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Abortion opponents, supporters mark anniversary
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About 2,000 people attended a Capitol rally Thursday in opposition to legalized abortion. (MPR Photo/Laura McCallum)
Supporters and opponents of legalized abortion marked the 31st anniversary of Roe versus Wade on Thursday. Abortion rights groups say the Supreme Court decision legalizing abortion is being eroded by state and federal abortion restrictions. Abortion opponents are celebrating recent legislative victories, and gearing up for another push at the Minnesota Capitol.

St. Paul, Minn. — A coalition of abortion-rights groups began the day with a prayer breakfast. Several women talked about the significance of Roe versus Wade in their lives. Arlene Ashbach, 28, says she has never experienced a time when abortion was illegal.

"My aunts and my mother talked about the times that they went through, and the friends that they've had to help with illegal abortions, and I would hate for that to happen again. And I think people in my generation don't realize that the rights are crumbling away," she said.

Ashbach says she knows many people who support legalized abortion, but don't speak out or get involved. Some leaders of groups supporting legalized abortion have expressed a similar concern. They say abortion opponents have often done a better job of mobilizing activists, and their effort has paid off in recent elections.

Minnesota Gov. Tim Pawlenty and a majority of state legislators are opposed to legalized abortion.

Many of those legislators were present at the annual March for Life organized by the anti-abortion group Minnesota Citizens Concerned for Life. More than 2,000 abortion opponents braved the bitter cold for what has become an annual rally in front of the state Capitol.

MCCL president Leo LaLonde told the crowd they have several reasons to celebrate this year.

"My friends, 2003 will be remembered as a year of historic progress for the right to life movement. For the very first time since 1973, the people acting through their elected government were successful in passing a law that ended a particularly brutal type of abortion," LaLonde said.

LaLonde refers to the law signed by President George W. Bush that bans a procedure known as partial birth abortion. In Minnesota, abortion opponents finally passed a 24-hour abortion waiting period called the Women's Right to Know law.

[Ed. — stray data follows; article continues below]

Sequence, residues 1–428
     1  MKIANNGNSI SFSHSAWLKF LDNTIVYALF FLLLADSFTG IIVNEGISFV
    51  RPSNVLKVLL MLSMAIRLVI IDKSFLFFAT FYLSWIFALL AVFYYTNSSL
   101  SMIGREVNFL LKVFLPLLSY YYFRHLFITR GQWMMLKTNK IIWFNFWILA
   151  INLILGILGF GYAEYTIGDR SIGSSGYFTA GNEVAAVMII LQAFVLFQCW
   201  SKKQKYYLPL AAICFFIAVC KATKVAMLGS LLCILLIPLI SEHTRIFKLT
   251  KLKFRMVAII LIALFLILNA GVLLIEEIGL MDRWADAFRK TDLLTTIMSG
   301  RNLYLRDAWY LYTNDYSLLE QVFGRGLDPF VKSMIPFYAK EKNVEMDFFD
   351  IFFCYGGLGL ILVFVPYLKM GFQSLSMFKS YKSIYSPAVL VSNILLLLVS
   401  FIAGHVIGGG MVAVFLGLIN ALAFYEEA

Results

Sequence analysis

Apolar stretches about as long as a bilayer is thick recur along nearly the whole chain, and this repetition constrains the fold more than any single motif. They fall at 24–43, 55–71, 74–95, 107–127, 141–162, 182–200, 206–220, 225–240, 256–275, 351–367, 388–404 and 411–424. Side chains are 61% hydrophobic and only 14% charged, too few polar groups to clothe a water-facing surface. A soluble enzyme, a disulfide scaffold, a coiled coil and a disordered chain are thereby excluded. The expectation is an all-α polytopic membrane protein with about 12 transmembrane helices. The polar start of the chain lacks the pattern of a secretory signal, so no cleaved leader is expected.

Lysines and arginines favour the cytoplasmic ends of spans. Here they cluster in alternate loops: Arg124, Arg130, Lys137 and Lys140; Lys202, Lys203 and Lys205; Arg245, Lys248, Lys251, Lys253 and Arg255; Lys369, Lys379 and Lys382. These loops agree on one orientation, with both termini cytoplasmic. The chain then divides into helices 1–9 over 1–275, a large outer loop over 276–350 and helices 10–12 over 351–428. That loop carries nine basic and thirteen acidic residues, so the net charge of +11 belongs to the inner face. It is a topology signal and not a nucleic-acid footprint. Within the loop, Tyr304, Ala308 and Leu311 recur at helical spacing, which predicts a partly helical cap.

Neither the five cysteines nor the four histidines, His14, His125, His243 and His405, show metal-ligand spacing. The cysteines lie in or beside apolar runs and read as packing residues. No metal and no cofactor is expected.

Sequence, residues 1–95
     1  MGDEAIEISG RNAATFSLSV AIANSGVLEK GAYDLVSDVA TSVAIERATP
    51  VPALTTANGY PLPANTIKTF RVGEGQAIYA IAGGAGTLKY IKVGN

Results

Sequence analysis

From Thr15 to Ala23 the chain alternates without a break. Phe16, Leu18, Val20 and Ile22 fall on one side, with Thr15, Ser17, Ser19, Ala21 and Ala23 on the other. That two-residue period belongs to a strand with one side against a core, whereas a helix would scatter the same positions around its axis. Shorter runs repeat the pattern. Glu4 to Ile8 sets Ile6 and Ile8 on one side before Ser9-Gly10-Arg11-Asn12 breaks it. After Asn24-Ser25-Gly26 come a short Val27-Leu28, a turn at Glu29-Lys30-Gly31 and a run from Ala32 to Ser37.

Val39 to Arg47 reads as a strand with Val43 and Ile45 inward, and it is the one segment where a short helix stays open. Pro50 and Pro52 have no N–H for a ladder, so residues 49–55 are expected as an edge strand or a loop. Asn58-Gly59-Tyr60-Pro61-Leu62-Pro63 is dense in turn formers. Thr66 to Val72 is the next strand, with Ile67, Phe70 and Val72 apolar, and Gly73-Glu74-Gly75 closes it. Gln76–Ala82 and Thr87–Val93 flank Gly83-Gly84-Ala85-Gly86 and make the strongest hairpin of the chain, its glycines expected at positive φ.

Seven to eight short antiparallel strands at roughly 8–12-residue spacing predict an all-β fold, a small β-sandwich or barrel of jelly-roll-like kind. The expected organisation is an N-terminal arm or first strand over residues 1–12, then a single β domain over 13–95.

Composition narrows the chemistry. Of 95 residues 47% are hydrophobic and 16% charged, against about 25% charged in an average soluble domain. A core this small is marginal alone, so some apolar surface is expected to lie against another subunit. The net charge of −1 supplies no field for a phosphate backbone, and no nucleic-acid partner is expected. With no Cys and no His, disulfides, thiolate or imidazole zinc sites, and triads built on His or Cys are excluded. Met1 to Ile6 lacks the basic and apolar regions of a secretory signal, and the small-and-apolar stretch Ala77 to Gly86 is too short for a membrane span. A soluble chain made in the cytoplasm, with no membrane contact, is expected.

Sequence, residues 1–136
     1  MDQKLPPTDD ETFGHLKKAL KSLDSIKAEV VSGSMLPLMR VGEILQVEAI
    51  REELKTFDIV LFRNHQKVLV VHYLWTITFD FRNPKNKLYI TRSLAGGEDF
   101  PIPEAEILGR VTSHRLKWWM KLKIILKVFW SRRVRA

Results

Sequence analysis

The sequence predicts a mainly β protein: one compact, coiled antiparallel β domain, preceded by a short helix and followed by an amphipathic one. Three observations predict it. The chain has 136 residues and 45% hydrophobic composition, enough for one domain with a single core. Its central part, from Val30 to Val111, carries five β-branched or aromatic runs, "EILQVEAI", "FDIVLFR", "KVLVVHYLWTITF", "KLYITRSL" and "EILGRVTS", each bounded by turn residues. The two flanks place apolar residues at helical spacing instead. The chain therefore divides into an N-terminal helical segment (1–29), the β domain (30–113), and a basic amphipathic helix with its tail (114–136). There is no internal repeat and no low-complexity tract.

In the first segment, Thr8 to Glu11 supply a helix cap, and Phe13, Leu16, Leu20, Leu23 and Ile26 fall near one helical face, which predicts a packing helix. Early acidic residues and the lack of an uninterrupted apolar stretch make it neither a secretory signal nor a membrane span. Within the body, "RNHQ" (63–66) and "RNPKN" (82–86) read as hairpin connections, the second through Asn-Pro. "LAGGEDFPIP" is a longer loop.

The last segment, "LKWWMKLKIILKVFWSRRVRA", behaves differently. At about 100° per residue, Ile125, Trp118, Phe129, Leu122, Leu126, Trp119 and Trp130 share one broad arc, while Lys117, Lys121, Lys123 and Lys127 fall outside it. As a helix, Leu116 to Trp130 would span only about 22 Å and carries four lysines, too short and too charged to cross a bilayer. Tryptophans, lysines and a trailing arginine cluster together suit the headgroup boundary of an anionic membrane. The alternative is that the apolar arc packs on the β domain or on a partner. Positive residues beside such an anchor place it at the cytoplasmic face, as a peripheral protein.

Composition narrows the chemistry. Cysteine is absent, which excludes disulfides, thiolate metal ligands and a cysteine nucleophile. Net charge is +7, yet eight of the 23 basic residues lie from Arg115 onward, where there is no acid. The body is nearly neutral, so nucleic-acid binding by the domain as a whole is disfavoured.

MCCL Executive Director Scott Fischbach says the group will now push for the "Taxpayer Protection Act." The bill would prohibit organizations that provide abortions or refer women to abortion services from receiving state family planning money. Fischbach says the bill would stop Planned Parenthood and other groups from receiving about $5 million a year.

"Planned Parenthood and the other abortionists love getting their hands on your tax dollars. They're addicted to government handouts, and we need to break that addiction this year," he said.

Fischbach also urged abortion opponents to work to re-elect President Bush in November. Both sides of the abortion debate say the presidential election is critical.

"It is going to be the election that's going to essentially determine whether Roe versus Wade survives for another generation or not."

Tim Stanley, executive director of the recently-renamed "NARAL Pro-Choice Minnesota," says the next president will almost certainly appoint a new Supreme Court justice, and if President Bush is re-elected, he will appoint an abortion opponent. Stanley says supporters of legalized abortion are also struggling to stave off abortion restrictions.

"Unfortunately, all branches of government right now are stacked against the right to choose. We've got all branches of the federal government, all branches of the state government, and our last stronghold, our last finger in the dike, was the Senate majority leadership, and we have just lost that," he said.

Senate Democrats recently replaced John Hottinger, a supporter of legalized abortion, with abortion opponent Dean Johnson. Johnson may be more willing to let abortion bills get to the floor for a vote, and has said he'll let Senate Democrats vote their conscience on social issues such as abortion.

Republican House Speaker Steve Sviggum says he thinks if the Taxpayer Protection Act gets to the Senate floor, it will pass.

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